Britain, the E.U. Exit and Illusion vs. Reality

EUChronology:

  1. Britain voted to exit the European Union.
  2. Leaders and experts announced:
    1. The sky will fall.
    2. We’ll be better off.
    3. Wait and see. With numbers of powerful people heavily committed to the E.U. still committed to interfering with the evident vote of the citizens, this is likely the most reasonable attitude for now.

None very helpful, are they? We don’t know what’s coming but we have opinions. You’re welcome to them or to trash them if preferred. Or to add your own ideas. Here is what we think:

First, the European Union (E.U.) has never been real; it is a political illusion held together by wishful thinking. How do you maintain a commonality of productive economies with high ethical standards together with less productive, more corrupt folk, all of whom have a history of war and contempt for each other? How do you build a common currency out of shifting economic sands?

If you do it by means of an unelected bureaucracy that must juggle real power in various member states in various degrees, it seems to us an assemblage resembling Dr. Frankenstein’s. A monster incapable of normal life. And now, starting in Britain, the peasants are taking up torches and pitchforks under pressure of the results of massive political and economic mismanagement. The vaunted European welfare state was never attainable but having been elected by promising it, politicians were bound to deliver, never mind that the necessary resources have never existed. Never mind that each gesture toward the promised utopian generated algebraic increases in further demands. A welfare state is a Red Queen’s race: You must run fast to stay in the same place; if you wish to progress, you must run much faster still.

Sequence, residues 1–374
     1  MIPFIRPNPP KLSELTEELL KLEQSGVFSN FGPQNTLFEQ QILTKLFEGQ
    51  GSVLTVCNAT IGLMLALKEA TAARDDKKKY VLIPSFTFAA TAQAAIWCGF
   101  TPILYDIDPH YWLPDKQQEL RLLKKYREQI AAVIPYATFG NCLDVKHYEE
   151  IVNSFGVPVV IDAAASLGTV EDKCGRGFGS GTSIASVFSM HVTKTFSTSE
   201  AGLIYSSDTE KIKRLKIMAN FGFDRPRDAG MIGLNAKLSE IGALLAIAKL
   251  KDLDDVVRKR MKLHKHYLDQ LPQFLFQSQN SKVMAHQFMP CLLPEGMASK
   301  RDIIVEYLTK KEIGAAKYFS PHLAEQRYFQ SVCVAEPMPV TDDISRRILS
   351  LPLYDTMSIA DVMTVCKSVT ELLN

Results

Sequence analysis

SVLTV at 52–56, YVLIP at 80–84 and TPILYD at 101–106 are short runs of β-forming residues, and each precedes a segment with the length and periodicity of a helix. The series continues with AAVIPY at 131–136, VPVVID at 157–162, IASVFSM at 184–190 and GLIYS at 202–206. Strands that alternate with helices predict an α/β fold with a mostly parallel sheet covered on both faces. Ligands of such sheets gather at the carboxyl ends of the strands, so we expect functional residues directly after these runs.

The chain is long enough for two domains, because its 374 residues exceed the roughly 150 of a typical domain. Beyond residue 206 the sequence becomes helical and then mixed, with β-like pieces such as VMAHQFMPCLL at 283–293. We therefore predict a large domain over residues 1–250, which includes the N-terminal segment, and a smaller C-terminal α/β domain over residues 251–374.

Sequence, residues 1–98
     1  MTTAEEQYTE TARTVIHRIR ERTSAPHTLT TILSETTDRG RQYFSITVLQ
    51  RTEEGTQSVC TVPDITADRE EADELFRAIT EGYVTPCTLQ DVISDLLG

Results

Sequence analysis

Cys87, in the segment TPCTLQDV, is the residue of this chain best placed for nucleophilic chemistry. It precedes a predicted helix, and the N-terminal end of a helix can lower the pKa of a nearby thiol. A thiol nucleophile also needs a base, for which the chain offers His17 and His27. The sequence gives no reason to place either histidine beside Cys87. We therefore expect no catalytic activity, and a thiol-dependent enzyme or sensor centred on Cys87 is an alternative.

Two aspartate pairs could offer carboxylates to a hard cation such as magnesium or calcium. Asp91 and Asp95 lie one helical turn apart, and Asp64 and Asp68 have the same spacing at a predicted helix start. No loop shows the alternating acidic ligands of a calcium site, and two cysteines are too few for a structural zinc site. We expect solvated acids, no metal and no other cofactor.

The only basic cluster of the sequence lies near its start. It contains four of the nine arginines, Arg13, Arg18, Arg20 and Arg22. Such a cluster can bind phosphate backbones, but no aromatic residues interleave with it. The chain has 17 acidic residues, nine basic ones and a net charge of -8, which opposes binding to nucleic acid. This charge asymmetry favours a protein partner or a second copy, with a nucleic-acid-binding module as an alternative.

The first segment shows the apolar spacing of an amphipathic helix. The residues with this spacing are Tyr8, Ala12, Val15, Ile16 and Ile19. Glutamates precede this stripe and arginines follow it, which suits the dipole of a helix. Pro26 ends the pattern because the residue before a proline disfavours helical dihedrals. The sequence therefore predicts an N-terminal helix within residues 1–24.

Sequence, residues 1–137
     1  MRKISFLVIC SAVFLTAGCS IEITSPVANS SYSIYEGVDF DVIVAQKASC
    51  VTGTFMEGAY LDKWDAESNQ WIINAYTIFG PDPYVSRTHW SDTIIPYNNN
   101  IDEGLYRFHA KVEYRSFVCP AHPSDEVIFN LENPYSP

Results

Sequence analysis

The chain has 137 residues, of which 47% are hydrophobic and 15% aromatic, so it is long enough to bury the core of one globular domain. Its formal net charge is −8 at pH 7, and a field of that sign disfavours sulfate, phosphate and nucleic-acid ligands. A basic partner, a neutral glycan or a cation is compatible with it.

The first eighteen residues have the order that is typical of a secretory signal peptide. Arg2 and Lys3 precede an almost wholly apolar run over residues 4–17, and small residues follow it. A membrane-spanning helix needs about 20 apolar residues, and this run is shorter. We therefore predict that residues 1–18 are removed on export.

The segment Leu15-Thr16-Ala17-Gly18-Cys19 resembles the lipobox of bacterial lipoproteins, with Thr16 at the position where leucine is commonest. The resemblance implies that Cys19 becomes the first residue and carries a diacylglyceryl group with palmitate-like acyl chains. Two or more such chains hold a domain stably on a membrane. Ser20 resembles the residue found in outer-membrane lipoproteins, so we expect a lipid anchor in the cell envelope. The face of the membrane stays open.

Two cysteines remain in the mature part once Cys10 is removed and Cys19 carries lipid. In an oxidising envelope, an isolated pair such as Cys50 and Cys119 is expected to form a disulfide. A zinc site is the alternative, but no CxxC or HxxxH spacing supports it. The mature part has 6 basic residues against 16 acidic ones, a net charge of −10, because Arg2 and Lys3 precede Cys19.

The world economy is declining nearly everywhere now under the burden of the debt that has been used by the desperate politicians to feed the monster that they have created to keep themselves in office. Their bribe to the voters. As the shrinking inventories, declining shipments, dwindling workforce and the resulting decline in living standards gathers impetus, politicians and voters seek someone else to blame. That’s what people prefer to do. There is blame enough for all.

Britain’s exit vote will be blamed for subsequent economic decline; similar decline among those remaining in the E.U. while it lasts will be ignored. Except when blamed upon some other factor, naturally. The degree of coming finger-pointing will need the Hindu goddess Kali’s multiple arms to illustrate. That is begun in Britain with the E.U. vote; it is beginning in the U.S. with the presidential candidacies of Donald Trump and Bernie Sanders. Both phenomena are products of disgruntled voters thrashing about in search of heads to roll, figuratively to date. Responsive politicians will offer voters new heads du jour at every opportunity. Interesting times, as the Chinese have it.

The European Union, stillborn at birth, will likely stagger onward like the elephant that has been shot but continues walking until it realizes that it is dead. That could be a while, at least until the next major financial debacle bursts undeniably onto the horizon.

All will end faced by working off –somehow – all that accumulated debt. Collapsing the banks, decimating the stock market and defaulting bonds and pensions to erase huge amounts of wealth are a possibility; too, governments often use massive inflation (slower wealth destruction) instead. But politicians’ promises to the contrary notwithstanding, that debt will be paid, one way or another and burdening a new generation.

But don’t blame the Brits or the E.U; the fault lies not in our stars … It is but a part of the price we pay for being what we are.

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About Jack Curtis

Suspicious of government, doubtful of economics, fond of figure skating (but the off-ice part, not so much)
This entry was posted in Economics, Goverrnment, Politics, Uncategorized and tagged , , . Bookmark the permalink.

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